Posts Tagged 'primate brain'

Pan & Pan

Although geometric morphometrics is currently the most promising method to analyze endocasts, there are alternatives. Durrleman and colleagues propose an approach based on deformations between surfaces. This method can help with non-linearity of the ontogenetic processes, lack of morphological references, or continuity of the anatomical tissues. The approach is definitely more complex and less intuitive than geometric morphometrics. This may mean sometimes more analytical power, sometimes more analytical bias.  The case-study is the endocranial ontogeny in chimps and bonobos: some shared patterns, but interesting differences too.

Deep asymmetries

Stephanie Bogart and colleagues have published an interesting study on sulci asymmetries in chimps and macaques, on NeuroImage. Quantifying cortical depth and surface area, they found consistent  population-level brain asymmetries in chimpanzees but not in macaques. The paper is a good review on many issues related to brain asymmetries and evolution in primates. Asymmetries that, however, are the results of mechanisms and processes which are still poorly known.

Primate brain

There is a special issue of Progress in Brain Research entitled “Evolution of the Primate Brain”, edited by Hofman and Falk. There are papers by Sherwood, De Sousa, Zollikofer, Schoenemann, Kaas, Cherniak, Buxhoeveden, and many others. Topics include hominin brain evolution, encephalization, cranial ontogeny, brain and language, intelligence, neural wiring, histology, prefrontal cortex, cerebellum, insula, lateralization, genetics, and much more. Have a look:

Evolution of the Primate Brain
Progress in Brain Research 195: 2-478 (2012)


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RSS Cognitive archaeology

  • Oldest Human Footprints
    Klint Janulis, UCCS alum and on the Center for Cognitive Archaeology board of directors, was recently on the team that uncovered Saudi footprints believed to be the oldest found on the Arabian peninsula. Read their scientific journal article here: https://advances.sciencemag.org/content/6/38/eaba8940 Other news stories about this discovery:Yahoo News: https: […]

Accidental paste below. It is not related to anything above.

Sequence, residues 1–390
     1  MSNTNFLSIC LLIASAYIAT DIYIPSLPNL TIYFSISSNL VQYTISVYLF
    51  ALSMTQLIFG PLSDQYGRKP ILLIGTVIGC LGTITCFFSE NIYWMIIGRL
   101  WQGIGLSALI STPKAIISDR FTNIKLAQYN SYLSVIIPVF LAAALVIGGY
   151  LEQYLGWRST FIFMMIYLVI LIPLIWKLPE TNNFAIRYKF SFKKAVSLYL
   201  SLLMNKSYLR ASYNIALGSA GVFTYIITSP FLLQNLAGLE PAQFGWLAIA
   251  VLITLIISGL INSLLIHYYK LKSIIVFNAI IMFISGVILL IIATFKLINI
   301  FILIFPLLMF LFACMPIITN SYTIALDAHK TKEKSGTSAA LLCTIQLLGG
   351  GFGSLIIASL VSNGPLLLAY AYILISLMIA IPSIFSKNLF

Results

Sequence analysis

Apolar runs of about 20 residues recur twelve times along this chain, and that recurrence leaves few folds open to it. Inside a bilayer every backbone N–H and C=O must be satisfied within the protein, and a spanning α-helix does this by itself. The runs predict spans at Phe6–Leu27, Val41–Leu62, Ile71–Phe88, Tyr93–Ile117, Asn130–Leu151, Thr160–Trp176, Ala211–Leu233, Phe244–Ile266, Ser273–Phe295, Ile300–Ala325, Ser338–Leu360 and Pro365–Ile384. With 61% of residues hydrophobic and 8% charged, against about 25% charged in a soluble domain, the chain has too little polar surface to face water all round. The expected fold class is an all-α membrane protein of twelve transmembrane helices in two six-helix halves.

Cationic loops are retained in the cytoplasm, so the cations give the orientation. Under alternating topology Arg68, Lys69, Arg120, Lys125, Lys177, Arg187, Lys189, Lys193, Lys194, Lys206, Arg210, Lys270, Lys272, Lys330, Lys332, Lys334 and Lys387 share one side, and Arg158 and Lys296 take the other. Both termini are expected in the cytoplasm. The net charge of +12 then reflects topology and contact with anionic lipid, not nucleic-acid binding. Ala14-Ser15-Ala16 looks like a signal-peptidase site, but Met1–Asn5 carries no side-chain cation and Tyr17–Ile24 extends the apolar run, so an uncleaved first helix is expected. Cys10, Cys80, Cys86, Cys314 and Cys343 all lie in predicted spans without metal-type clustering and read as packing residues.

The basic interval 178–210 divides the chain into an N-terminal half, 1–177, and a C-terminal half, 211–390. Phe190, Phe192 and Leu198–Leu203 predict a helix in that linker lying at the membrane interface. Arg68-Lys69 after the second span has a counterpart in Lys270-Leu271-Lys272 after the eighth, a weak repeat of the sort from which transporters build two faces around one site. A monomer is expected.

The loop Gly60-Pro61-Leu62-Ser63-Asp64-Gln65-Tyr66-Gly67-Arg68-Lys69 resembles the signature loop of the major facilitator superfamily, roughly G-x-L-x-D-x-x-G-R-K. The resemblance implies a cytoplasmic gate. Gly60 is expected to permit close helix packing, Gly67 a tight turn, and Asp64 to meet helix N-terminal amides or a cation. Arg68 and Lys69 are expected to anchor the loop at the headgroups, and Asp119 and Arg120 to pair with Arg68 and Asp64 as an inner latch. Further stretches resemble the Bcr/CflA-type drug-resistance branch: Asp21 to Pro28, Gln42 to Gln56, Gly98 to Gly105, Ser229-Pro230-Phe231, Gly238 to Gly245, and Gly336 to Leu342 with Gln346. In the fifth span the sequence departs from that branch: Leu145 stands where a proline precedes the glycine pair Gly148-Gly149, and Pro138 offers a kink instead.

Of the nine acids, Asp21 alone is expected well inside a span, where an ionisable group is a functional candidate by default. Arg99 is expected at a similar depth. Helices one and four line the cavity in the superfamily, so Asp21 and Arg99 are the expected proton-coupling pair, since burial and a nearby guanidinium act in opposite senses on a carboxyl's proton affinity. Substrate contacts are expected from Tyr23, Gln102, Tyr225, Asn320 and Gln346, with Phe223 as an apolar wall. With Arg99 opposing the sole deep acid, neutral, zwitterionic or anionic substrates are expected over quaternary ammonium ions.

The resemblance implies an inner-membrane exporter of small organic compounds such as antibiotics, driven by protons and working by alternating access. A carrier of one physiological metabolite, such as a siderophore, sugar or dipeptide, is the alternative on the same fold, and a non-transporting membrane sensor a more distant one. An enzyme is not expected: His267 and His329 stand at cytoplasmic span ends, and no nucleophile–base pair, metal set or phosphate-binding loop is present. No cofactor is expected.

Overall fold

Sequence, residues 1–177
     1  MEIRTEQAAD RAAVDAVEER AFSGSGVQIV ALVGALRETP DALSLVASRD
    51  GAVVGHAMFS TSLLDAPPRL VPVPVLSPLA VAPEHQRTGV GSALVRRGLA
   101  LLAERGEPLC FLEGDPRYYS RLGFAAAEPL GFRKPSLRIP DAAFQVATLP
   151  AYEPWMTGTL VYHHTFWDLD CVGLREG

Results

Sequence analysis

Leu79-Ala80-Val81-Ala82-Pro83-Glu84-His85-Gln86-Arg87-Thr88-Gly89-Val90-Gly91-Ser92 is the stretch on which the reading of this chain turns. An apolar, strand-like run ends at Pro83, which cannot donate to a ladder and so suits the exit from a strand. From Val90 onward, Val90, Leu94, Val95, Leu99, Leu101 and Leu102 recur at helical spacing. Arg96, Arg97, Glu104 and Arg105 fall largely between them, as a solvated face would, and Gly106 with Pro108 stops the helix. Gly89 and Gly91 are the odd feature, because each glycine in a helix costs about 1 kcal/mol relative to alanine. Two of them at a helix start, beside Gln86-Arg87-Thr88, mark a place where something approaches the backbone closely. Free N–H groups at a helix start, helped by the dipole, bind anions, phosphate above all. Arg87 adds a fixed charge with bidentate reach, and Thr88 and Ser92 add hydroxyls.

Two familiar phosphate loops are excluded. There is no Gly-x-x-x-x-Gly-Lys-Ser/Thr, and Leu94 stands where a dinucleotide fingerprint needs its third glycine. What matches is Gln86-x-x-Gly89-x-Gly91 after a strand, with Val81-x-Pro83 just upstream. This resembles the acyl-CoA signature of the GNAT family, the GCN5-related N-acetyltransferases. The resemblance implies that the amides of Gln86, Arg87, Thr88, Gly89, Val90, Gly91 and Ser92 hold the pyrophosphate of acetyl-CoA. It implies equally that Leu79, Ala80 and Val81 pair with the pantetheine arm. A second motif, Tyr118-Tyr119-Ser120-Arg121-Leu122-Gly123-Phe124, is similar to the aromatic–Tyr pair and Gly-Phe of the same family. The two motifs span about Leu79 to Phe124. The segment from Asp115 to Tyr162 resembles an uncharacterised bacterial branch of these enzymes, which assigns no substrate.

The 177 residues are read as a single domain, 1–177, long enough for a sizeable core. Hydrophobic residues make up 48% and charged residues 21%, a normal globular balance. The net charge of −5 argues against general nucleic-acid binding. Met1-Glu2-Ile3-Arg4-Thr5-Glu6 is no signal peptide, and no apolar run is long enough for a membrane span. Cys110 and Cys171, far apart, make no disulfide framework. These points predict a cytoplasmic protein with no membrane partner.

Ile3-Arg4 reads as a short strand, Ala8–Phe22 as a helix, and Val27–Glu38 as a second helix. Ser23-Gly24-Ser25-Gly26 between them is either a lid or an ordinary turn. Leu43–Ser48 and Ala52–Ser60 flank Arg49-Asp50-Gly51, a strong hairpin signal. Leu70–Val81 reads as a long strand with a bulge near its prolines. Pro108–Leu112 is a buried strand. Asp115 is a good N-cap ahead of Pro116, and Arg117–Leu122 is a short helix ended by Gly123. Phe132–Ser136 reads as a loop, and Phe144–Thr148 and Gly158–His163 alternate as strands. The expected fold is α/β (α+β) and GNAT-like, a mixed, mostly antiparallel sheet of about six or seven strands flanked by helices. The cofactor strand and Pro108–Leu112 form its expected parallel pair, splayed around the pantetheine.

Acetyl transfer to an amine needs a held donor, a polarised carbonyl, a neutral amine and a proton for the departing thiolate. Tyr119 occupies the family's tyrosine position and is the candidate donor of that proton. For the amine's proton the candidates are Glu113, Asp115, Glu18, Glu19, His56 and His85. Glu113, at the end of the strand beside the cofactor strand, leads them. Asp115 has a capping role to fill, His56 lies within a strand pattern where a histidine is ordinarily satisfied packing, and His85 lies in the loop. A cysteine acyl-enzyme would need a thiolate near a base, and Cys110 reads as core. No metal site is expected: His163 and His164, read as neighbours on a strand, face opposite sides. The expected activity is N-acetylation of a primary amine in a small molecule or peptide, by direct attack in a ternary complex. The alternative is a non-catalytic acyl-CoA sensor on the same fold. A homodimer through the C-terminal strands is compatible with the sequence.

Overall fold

RSS The Skull Box

  • Homo erectus temporal lobes
    This week, we provide a new study of temporal lobe evolution in the Homo erectus hypodigm inferred from the middle cranial fossa (MCF) of the skull. Following from our earlier publication this year where we determined a strong reliability for MCF metrics to predict the temporal lobe volume of the brain in extant anthropoids and […]

RSS Anthropology

  • The Genetics of the Transatlantic Slave Trade
    Between the 16th and 19th centuries, approximately 12.5 million people were violently deported from their homes in Africa to the Americas by slavers. As current events have shown, the destruction of communities, cultures and families have had everlasting ramifications which are felt a century and half later. Some of the less tangible pains is the... Continue […]

RSS Human Evolution

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RSS Neurophilosophy

  • Researchers develop non-invasive deep brain stimulation method
    Researchers at MIT have developed a new method of electrically stimulating deep brain tissues without opening the skullSince 1997, more than 100,000 Parkinson’s Disease patients have been treated with deep brain stimulation (DBS), a surgical technique that involves the implantation of ultra-thin wire electrodes. The implanted device, sometimes referred to as […]

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